See the Ghee Hiang website for a complete list of locations and products. You can also order online.

Umm, now I'm kinda hungry after writing all this. Thank goodness I have some Ghee Hiang biscuits in my kitchen!

Do you have a favorite food souvenir? Have you tried Ghee Hiang biscuits?

This post is part of the following link-ups. Check them out for more around-the-world travel inspiration.


  1. Oh I am glad I am not the only one that likes food souvenirs! From Greece I bring olive oil and honey, from Arizona it is the hot spicy sauce sold at a particular restaurant, Hawaii it is a malasada or two, from Italy (or Spain) it is canned tuna. Haven't tried these little wonders you've featured but will seek them out on our travels this spring and try some!

  2. OMG, you know how a pleasurable food sensation hits your jowls and has them do that cramping up which is immediately followed by incredible amounts of salivating?? That is the brain telling your mouth how badly it is craving something upon first site, smell or taste!! And that is exactly what happened the second I saw that first picture with it out of the wrapper, Michele! So, you can get both sweet and savory right? What are some of the savory options AND when I can visit you guys to enjoy them with you!! Happy Chinese New Year and I hope you, the kids and your honey are all doing terrific!! :)

  3. You are lucky you had the perfect gift to buy your Mum. Our son has just come back from Japan today and he asked me what I wanted as a souvenir. I told him Wasabi Peanuts!

  4. I didn't know that about not sweeping on New Year - very interesting! Cheers - Ellen

  5. Interesting post about these biscuits.I have tasted these biscuits and know they are delicious.(not sure the brand name though)

  6. Hi Michelle, Happy New Year! I have not heard of Ghee Hiang. I a fan of almonds so I think I'll enjoy the almond cookies as well. Interesting about not sweeping on New Year. I heard that superstition when I was growing up in the Phils, but it does not apply only for New Year Day but for every evening as well! My favorite food souvenirs were botted truffles and truffle oil from Italy; honey from Greece; vanilla from French Polynesia; spices from Morocco, etc.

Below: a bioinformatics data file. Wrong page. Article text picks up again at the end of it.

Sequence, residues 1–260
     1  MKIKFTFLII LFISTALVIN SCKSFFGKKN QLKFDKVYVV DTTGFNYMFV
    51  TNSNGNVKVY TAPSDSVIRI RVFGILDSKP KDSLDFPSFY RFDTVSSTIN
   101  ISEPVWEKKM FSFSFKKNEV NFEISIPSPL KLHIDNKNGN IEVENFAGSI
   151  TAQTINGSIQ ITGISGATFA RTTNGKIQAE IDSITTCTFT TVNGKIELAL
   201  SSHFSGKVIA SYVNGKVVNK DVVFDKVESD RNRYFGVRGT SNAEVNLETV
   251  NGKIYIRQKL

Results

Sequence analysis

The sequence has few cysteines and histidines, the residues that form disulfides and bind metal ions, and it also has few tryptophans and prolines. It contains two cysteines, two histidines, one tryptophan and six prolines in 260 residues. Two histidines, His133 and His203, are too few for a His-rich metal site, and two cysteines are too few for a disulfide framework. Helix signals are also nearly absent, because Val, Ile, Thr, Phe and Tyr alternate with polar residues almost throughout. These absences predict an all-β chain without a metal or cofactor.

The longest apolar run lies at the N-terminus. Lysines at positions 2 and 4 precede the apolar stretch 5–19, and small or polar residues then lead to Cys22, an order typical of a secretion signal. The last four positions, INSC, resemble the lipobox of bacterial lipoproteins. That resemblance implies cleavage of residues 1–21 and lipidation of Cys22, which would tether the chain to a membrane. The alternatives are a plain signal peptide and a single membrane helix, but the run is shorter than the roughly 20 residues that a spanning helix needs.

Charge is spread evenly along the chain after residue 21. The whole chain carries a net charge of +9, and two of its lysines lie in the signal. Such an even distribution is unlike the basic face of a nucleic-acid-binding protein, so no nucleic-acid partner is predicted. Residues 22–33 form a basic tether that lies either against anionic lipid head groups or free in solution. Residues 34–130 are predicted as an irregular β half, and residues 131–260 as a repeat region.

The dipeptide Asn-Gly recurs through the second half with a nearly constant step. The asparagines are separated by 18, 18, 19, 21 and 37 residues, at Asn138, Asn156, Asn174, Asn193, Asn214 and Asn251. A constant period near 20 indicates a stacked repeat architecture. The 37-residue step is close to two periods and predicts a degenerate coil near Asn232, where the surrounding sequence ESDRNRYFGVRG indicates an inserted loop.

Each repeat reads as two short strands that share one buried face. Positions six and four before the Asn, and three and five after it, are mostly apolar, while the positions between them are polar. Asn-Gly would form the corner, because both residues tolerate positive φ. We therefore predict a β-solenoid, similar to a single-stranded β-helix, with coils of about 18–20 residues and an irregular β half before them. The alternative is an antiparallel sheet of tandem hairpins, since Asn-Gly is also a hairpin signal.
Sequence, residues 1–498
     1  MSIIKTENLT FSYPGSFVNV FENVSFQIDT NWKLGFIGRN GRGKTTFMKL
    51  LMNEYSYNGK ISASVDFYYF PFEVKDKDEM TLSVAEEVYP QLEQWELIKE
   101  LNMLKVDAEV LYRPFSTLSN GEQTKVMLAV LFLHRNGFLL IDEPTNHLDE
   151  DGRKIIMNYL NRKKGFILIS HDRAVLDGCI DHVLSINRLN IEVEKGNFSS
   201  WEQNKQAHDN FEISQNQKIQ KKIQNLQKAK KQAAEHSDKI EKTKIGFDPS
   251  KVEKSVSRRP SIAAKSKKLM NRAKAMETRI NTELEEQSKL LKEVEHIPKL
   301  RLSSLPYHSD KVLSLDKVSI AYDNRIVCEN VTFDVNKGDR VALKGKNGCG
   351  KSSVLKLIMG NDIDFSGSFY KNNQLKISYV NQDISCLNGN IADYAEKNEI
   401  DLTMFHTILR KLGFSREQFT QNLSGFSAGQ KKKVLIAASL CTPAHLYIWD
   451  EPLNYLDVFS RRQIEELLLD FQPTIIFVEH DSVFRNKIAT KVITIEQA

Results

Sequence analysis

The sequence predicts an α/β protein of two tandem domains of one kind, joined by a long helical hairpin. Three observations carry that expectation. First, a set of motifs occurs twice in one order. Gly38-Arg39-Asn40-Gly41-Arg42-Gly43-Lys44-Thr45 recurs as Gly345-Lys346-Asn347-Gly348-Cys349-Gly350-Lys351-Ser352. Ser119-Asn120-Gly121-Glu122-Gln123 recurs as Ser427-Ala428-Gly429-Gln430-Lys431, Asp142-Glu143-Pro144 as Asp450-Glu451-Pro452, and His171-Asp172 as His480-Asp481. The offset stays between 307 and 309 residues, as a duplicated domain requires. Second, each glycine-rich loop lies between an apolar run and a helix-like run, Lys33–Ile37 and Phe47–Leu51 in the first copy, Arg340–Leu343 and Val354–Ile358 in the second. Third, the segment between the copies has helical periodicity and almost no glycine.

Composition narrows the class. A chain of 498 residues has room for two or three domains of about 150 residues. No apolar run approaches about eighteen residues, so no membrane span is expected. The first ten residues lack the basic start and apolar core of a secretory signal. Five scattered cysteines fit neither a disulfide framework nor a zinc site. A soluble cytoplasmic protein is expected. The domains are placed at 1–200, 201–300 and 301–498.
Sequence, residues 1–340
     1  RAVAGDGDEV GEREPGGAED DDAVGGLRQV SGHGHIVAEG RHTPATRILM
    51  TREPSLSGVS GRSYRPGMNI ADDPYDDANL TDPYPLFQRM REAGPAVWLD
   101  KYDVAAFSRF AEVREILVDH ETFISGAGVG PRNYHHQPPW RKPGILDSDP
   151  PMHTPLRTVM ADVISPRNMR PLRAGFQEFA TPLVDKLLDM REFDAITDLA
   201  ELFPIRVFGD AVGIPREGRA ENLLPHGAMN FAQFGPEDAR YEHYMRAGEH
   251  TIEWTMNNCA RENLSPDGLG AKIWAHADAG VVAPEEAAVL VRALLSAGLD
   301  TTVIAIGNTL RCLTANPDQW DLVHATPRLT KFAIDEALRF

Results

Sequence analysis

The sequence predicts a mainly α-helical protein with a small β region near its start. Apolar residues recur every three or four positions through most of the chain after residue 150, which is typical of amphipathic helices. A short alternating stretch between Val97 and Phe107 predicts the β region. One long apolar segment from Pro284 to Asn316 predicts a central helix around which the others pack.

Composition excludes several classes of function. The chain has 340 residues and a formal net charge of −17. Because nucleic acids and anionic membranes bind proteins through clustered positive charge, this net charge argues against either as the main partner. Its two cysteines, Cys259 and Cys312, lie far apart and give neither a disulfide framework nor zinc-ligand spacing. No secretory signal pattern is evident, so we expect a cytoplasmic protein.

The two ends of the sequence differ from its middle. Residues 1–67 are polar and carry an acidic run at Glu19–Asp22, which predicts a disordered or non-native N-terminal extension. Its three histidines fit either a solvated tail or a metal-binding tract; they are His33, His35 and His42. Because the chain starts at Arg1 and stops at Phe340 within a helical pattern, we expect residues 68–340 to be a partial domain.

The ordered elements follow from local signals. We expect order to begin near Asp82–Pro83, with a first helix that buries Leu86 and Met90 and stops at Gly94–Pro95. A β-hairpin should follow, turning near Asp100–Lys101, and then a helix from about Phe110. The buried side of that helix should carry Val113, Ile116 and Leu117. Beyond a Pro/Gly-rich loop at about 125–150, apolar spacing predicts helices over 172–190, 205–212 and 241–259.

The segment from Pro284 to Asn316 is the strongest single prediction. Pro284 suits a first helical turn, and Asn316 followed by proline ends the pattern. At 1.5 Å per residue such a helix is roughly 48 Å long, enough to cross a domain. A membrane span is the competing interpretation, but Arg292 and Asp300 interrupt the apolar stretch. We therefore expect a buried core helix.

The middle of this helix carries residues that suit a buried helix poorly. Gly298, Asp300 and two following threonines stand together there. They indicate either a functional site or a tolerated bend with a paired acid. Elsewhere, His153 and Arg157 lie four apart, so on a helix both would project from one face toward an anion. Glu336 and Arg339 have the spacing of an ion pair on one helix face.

7. Michele, This is something I've definitely got to try next time I'm in Malaysia. Sounds amazing. Thanks for linking up with us again for #wkendtravelinspiration!

  8. I've visited their shop on Beach Road. They are good! I laughed about the jerky. I bought some for my Dad when I was in Penang, and sent it back to Canada by post. Not a problem, and he raved about it. :) Thanks for linking up this week. #TPThursday

  9. I tried pork jerky for the first time in Singapore recently and despite never imagining I'd like it, it was absolutely delicious but I have a bit of a sweet tooth and those almond cookies sound very tempting!

  10. HI Nancie,

    Thank you for your preview on our products. Hope you don't mind we shared out your website at our facebook acc.
    Once again, thank you and appreciate your support.

  11. Hello Michele - my family and I are moving to Penang in the next two months from Colorado. I am also of Asian descent (Chinese). Could you recommend a hair stylist? Someone who understands "western" styling, someone who would never recommend a perm on any Asian person :0 Love reading your blog, you rock! Kelly

    1. Unfortunately, the hairdresser I liked has moved to another salon, and I can't seem to find him. Many expats like May at Cutting Edge near the Thai temple. You could also try asking AmandaMuse on either Facebook or YouTube. She's a Canadian beauty blogger who moved away from Penang a few months ago and always had awesome hair.